“How can you really tell the story of a culture when you don’t include all the voices within the culture? Otherwise it’s just the history, and the story, of power.”
This weekend was the perfect storm of hard work and feminist news. I spent the entire weekend working, which usually doesn’t give me much free time, but I did get time to watch the first GOP debate, and read the NYT (fancy). I also saw the trending story on Kiran Gandhi and Free Bleeding – a term which I had never previously heard of before, but the concept is not foreign. I have free bled many a time in my life, but I usually call it, “forgetting a tampon,” or “not having to leave the house today.” Not to minimize Kiran’s message.
How did people find out that Kiran was Free Bleeding for a cause? If I saw someone who was leaking from their period during a marathon, I wouldn’t necessarily assume that they were making a political statement. I can’t imagine a reporter seeing a random, period-blood soaked woman in the crowd and thinking, “ah ha, there’s my lead!” But none the less, Gandhi got her message to the masses and given the current conversation over reproductive rights I appreciate the attention that she is receiving.
I even followed her media trail back to her website, where, aside from her work as a drummer for M.I.A. and recent graduation from Harvard Business School (I know), I also learned that Gandhi is part of the select group of people who have tried to influence the world through internet public speaking – I’m talking Ted Talks. This is pre-marathon, in more innocent, and less bloody times (okay, I’ll stop). Karin Gandhi has an interesting life theory, which she calls, “living atomically” as in, living in the same way that atoms interact with each other. Basically, the idea is that if you focus on six pillars that make up your life (six core interests or concerns) and allow those priorities to guide your decision making, then you will create a natural barrier that will propel you to the path that will make you happy. The idea is to not make 1, 2, or even 5 year plans, because you would be ignoring the possibilities of random occurrence . She gives the example of a typical Saturday when you are out running errands and you run into a friend who wants to chat or get some lunch together. Though you may like this friend and wish to spend time with them, you will also be thinking about the laundry that needs to get done, or the sleep that you had been promising yourself to catch up on. But Gandhi argues that it would be a mistake to forgo an opportunity to make a meaningful connection in order to do what seems like the responsible thing to do. She believes that that one moment of connection can lead to new opportunities or ideas that you hadn’t previously considered and that you can make better connections about what you want from life when you let go and move with the opportunities that are given to you.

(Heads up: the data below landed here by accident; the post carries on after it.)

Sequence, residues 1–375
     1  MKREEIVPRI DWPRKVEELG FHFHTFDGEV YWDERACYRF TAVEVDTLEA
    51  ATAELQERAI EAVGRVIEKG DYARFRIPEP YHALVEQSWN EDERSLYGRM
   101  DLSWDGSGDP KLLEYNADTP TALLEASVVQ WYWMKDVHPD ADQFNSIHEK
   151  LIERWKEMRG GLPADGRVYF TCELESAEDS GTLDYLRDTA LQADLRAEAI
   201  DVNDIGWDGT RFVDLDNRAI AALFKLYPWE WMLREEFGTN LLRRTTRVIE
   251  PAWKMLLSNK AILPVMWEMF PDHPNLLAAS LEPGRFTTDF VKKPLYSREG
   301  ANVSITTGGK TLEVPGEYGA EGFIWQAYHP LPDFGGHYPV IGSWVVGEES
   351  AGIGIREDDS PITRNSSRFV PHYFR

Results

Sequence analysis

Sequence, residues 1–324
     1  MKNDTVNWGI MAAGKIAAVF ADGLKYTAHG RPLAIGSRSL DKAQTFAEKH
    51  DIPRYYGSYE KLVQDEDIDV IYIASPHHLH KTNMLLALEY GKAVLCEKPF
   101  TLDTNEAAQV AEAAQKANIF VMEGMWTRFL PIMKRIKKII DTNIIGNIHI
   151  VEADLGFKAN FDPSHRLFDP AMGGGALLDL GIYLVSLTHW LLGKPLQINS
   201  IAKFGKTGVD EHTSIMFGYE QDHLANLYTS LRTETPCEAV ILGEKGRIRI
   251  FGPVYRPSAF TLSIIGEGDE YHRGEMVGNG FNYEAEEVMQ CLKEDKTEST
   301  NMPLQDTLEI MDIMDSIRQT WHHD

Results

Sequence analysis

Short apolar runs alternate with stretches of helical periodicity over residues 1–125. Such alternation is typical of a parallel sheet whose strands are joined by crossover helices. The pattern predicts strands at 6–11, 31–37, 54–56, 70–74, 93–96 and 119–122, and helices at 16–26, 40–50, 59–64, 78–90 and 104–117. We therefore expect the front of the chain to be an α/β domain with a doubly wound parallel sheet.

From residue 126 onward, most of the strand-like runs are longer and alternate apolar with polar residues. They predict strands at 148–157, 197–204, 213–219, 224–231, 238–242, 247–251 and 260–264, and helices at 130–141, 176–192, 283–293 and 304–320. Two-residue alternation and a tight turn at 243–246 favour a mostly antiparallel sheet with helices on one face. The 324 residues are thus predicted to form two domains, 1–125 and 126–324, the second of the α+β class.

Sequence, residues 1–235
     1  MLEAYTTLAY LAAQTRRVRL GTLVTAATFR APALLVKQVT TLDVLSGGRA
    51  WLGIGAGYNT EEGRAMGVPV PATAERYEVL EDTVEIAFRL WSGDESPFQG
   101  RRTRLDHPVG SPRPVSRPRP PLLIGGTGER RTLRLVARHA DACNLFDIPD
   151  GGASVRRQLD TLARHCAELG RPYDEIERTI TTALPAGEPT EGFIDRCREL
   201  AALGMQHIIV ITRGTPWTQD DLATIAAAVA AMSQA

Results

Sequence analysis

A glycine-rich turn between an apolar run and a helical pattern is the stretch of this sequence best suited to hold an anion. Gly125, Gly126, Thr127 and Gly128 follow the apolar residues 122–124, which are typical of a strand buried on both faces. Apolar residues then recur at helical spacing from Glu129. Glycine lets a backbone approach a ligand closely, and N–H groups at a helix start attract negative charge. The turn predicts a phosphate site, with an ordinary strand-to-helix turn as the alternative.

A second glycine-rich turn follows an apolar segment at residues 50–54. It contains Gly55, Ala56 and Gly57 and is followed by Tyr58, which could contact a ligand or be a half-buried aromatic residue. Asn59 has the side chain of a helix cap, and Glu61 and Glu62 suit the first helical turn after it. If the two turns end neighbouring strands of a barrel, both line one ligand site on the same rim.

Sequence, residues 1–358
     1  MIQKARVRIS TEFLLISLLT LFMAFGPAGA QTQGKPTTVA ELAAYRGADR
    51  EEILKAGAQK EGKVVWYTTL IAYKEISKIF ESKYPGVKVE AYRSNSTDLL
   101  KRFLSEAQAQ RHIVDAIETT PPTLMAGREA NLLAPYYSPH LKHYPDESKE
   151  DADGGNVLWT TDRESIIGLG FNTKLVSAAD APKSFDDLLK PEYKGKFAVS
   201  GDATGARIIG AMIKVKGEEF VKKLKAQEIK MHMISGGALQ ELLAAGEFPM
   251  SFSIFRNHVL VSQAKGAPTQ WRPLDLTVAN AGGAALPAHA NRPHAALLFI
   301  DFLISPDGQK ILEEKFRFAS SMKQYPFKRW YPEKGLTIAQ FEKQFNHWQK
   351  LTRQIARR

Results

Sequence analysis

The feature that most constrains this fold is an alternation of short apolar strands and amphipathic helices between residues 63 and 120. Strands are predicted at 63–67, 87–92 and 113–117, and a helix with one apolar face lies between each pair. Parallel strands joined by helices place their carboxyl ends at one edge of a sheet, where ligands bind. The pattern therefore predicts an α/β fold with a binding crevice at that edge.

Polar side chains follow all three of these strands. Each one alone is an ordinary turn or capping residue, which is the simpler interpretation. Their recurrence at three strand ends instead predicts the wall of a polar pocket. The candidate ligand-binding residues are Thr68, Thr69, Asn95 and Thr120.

As I’m rounding the last lap of being 24, I can reflect and agree that I’ve had similar thoughts to Gandhi’s, but I’ve been calling them, “experiences that I never regret.” As in, I never regret going to the park in my free time, I never regret going to a museum, and unfortunately, I never regret going to the gym. Don’t I always have the most fun at the party that I just didn’t feel like taking the trouble to go to? Those ideas seem to check out.
But getting rid of my 5 year plan… Or perhaps I should say, getting rid of my 5 year back-up plan….Well that’s a little harder to release. Maybe my critique is that Kiran is from an influential New York Family (she mentions that family dinner guests as a child were the likes of Hilary Clinton) and is obviously an incredibly intelligent and hard working girl, whose natural aptitude and brightness means that people will flock to her because she is extraordinary. She is not the typical pleb who is trying to plow their little plot of the earth while paying off their student loan fees. This doesn’t dilute her message, but I guess I recognize my own limitations and realize that for me, a little strategy is necessary. I can get on board with forgoing errands to go try a new experience, but right now I can’t shake the impulse to Google admissions requirement for grad school or say no to a night out because I want to write.
On Sunday, I was left Internet-less and tired from a long day of serving others coffee, but had luckily bought a fresh copy of the Sunday New York Times as a treat. In the arts section, there was a feature on the radical feminist-arts group, The Guerrilla Girls. In the Donald Trump world we live in, where a female moderator can be criticized for her questions, because Trump accuses that “she’s bleeding from her wherever…” It was refreshing to see these old biddies still kicking. Though it sort of proves what Gandhi was arguing. The Guerillas were all artists in their own right, but they only made their most recognized work when they collaborated and combined their activism with their art. That would not have happened if they clung too dearly to their original plans and perhaps being part of something larger than yourself is greater pay than individual notoriety.
So what’s my conclusion? Relax a little if it seems like you’re not on track for your dream life. Plan a little, but anticipate that the unexpected will enhance the vision you’ve been dreaming of. You may be better off for it.
MY FIVE CORE CONCERNS FOR LIVING ATOMICALLY ( I can’t think of six)
- Personal relationships
What are yours?